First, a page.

Biden administration reverses Trump restrictions on fetal tissue research

The Biden administration on Friday moved to unwind strict Trump-era restrictions on federal-funded medical research using fetal tissue obtained by abortions, reversing policies that scientists warned would devastate the development of treatments for a broad range of diseases.

The Trump administration, under pressure from allied anti-abortion groups, ended fetal tissue research at the National Institutes of Health and established an ethics board to review government support for the research at universities and other labs. The board, which was filled with critics of the research, met just once and rejected 13 of 14 projects that NIH scientists had deemed worthy of support.

The Trump administration had announced its policy in 2019 after a long internal battle between political appointees and career scientists, who argued that the research was essential and conducted ethically.

Medical groups urged Biden to reverse the ban shortly after he took office, saying that it left “highly worthy, scientifically meritorious research” unfunded and created a chilling effect on the broader scientific community. Fetal tissue research has been used in the development of numerous vaccines and treatments, including for Parkinson’s, HIV and Covid-19.

The new policy states that the ethics board will no longer be convened but stresses that researchers have to obtain consent from the donor of the fetal tissue, can’t pay for it and must follow any state laws governing the practice.

HHS Secretary Xavier Becerra during a House hearing on Thursday previewed and defended the reversal of the Trump policies.

“We believe that we have to do the research it takes to make sure that we are incorporating innovation and getting all of those types of treatments and therapies out there to the American people,” he said.

Anti-abortion groups decried the policy change and vowed to make it an issue in their campaign to flip control of the House of Representatives and Senate in the midterm elections.

“Pro-abortion Democrats push this deeply unpopular agenda at their own political peril,” said Susan B. Anthony List President Marjorie Dannenfelser.

Adam Cancryn contributed to this report.

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The Biden administration on Friday moved to unwind strict Trump-era restrictions on federal-funded medical research using fetal tissue obtained by abortions, reversing policies that scientists warned would devastate the development of treatments for a broad range of diseases.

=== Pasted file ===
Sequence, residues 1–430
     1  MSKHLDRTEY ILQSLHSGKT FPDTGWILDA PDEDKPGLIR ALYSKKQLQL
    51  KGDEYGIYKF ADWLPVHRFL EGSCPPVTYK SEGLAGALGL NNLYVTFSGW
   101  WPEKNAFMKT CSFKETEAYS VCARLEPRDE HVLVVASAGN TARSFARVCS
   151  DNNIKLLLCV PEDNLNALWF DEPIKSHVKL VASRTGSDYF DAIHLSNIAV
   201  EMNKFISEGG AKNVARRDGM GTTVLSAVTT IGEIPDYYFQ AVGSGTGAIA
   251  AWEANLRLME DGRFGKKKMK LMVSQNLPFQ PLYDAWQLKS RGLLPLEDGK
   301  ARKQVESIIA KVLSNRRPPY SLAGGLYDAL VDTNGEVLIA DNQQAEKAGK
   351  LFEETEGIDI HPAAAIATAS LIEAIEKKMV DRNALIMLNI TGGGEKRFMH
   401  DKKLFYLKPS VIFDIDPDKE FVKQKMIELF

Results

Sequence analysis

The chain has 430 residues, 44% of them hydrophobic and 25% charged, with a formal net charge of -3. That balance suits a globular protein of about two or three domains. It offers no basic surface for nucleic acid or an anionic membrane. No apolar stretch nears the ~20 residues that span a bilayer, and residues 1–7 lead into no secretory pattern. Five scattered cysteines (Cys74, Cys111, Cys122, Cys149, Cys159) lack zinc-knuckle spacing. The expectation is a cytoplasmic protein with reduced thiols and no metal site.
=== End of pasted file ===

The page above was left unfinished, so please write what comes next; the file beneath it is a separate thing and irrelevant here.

The Trump administration, under pressure from allied anti-abortion groups, ended fetal tissue research at the National Institutes of Health and established an ethics board to review government support for the research at universities and other labs. The board, which was filled with critics of the research, met just once and rejected 13 of 14 projects that NIH scientists had deemed worthy of support.

The Trump administration had announced its policy in 2019 after a long internal battle between political appointees and career scientists, who argued that the research was essential and conducted ethically.

Medical groups urged Biden to reverse the ban shortly after he took office, saying that it left “highly worthy, scientifically meritorious research” unfunded and created a chilling effect on the broader scientific community. Fetal tissue research has been used in the development of numerous vaccines and treatments, including for Parkinson’s, HIV and Covid-19.

The new policy states that the ethics board will no longer be convened but stresses that researchers have to obtain consent from the donor of the fetal tissue, can’t pay for it and must follow any state laws governing the practice.

HHS Secretary Xavier Becerra during a House hearing on Thursday previewed and defended the reversal of the Trump policies.

“We believe that we have to do the research it takes to make sure that we are incorporating innovation and getting all of those types of treatments and therapies out there to the American people,” he said.

Anti-abortion groups decried the policy change and vowed to make it an issue in their campaign to flip control of the House of Representatives and Senate in the midterm elections.

“Pro-abortion Democrats push this deeply unpopular agenda at their own political peril,” said Susan B. Anthony List President Marjorie Dannenfelser.

Adam Cancryn contributed to this report.

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